Defense Secretary Ashton Carter says the US might utilize the “military option” against Iran in a bid to pacify Israel after Tehran, Washington and five other world powers concluded nuclear talks in Vienna.
"We remain prepared and postured to bolster the security of our friends and allies in the region, including Israel; to defend against aggression; ensure freedom of navigation in the [Persian] Gulf; and check Iranian malign influence," Carter said in a statement on Tuesday.
"We will utilize the military option if necessary," the Pentagon chief added.
He is scheduled to travel to Israel next week to meet with his counterparts.
President Barack Obama noted that “Carter's visit next week to Israel is a reflection of the unprecedented level of security cooperation between the United States and Israel, and that the visit offers a further opportunity to continue our close consultation on security issues with Israeli counterparts,” the White House said in a statement on Tuesday.
Iran and the P5+1 group of countries -- the US, Britain, France, China, Russia plus Germany -- reached a conclusion on the Joint Comprehensive Plan of Action (JCPOA) in Vienna on Tuesday.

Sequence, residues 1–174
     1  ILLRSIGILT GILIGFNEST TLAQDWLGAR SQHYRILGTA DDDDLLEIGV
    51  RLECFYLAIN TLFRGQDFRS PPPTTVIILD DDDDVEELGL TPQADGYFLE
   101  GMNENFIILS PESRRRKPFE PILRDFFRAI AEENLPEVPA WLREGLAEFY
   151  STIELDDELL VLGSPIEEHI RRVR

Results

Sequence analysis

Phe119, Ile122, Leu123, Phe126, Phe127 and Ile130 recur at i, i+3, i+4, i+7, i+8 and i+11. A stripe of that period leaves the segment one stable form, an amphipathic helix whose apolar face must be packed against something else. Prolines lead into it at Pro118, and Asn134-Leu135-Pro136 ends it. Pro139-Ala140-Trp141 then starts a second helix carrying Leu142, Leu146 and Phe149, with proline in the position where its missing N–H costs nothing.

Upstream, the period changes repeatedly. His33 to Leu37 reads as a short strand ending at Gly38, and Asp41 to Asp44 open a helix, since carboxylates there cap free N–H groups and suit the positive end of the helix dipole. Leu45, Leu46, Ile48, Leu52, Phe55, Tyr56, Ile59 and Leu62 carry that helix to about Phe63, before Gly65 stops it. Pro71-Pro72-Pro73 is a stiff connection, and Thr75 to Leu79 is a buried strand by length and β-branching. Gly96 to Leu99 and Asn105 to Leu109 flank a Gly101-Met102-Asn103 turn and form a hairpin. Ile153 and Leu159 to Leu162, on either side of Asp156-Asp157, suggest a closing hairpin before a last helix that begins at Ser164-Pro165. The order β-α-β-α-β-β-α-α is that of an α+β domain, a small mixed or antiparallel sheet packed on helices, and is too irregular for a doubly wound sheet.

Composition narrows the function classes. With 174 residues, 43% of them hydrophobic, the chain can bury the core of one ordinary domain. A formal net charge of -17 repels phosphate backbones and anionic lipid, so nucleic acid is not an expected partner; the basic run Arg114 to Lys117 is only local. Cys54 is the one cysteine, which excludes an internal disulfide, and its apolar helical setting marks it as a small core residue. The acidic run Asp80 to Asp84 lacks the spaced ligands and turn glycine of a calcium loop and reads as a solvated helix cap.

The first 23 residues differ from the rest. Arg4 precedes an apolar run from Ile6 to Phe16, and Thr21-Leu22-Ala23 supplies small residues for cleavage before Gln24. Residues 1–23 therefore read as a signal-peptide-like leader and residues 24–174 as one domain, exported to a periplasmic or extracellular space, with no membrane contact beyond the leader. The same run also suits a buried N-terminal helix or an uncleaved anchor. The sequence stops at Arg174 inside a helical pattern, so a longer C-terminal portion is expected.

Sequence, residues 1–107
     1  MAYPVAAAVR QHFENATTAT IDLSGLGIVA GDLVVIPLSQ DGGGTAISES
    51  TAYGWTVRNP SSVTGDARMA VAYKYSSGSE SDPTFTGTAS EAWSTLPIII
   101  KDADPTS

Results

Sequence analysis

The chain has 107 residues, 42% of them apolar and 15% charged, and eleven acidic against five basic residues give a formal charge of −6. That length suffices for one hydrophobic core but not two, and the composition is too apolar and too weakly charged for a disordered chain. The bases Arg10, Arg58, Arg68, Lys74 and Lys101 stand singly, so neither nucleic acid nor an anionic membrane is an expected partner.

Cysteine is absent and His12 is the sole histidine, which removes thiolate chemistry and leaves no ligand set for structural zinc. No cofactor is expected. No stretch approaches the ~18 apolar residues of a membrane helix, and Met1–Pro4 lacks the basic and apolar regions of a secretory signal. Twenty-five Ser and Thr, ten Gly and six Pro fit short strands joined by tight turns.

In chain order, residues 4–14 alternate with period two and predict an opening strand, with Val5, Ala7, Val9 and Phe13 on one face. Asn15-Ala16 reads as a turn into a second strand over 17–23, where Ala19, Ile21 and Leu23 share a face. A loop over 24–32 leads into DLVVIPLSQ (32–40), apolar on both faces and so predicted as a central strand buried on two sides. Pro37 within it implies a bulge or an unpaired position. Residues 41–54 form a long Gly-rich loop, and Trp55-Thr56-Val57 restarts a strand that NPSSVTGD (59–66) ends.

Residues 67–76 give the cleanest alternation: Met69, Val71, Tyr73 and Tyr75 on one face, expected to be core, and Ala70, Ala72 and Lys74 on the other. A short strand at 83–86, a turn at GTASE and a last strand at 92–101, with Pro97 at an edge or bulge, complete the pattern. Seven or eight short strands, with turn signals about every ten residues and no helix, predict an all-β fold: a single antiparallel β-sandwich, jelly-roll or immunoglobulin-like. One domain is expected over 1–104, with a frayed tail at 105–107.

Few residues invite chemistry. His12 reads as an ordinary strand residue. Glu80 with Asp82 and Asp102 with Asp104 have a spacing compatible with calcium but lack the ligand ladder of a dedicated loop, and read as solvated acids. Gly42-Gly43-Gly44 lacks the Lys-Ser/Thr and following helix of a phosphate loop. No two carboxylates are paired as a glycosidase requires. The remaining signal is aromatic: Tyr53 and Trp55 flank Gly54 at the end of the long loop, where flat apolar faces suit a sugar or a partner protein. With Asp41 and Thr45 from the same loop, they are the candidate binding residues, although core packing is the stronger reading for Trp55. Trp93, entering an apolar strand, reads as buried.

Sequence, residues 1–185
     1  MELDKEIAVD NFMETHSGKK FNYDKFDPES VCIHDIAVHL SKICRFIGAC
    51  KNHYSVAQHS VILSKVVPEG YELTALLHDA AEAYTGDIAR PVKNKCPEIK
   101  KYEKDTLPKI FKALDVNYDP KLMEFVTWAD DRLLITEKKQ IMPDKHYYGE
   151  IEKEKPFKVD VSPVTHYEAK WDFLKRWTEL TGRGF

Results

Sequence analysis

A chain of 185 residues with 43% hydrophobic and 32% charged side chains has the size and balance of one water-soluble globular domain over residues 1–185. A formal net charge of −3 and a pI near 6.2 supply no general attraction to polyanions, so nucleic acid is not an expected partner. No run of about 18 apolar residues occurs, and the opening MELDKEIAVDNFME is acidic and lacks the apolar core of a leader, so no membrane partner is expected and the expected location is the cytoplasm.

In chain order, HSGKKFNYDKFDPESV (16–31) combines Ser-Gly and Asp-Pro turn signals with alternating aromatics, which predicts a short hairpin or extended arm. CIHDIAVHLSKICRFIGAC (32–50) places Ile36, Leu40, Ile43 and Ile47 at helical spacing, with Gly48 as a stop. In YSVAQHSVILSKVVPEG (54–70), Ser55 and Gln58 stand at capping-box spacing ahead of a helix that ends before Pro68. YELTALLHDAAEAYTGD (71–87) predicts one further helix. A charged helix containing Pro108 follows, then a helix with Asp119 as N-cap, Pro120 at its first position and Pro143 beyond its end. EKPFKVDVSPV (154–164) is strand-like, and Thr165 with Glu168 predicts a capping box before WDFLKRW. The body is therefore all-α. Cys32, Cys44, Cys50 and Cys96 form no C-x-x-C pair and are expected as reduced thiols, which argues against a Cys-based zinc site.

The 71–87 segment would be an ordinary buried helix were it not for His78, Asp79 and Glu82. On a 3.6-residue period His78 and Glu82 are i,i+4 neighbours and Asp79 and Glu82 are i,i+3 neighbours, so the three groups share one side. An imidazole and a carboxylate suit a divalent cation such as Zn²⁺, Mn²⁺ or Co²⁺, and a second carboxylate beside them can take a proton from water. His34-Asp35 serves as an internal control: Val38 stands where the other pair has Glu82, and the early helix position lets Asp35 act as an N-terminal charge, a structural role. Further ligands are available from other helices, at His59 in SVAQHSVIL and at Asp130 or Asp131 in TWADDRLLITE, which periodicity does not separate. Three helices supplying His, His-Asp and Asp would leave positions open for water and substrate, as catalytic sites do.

According to the text of the Joint Comprehensive Plan of Action, Iran will be recognized by the United Nations as a nuclear power and will continue its uranium enrichment program.
The JCPOA will put limits on Iran’s nuclear program in exchange for the removal of sanctions against the Islamic Republic.
In response to the agreement, Israeli Prime Minister Benjamin Netanyahu said it was “a historic mistake for the entire world."
“Whenever there is a readiness to make a deal at any cost, this is the result," said Netanyahu.
Carter also reassured the long-time US ally that "our military — including tens of thousands of US forces in the Middle East — are full speed ahead maintaining a strong presence in the [Persian] Gulf."
"As we implement this historic agreement, deterrence remains a major component of America's national security," he added.
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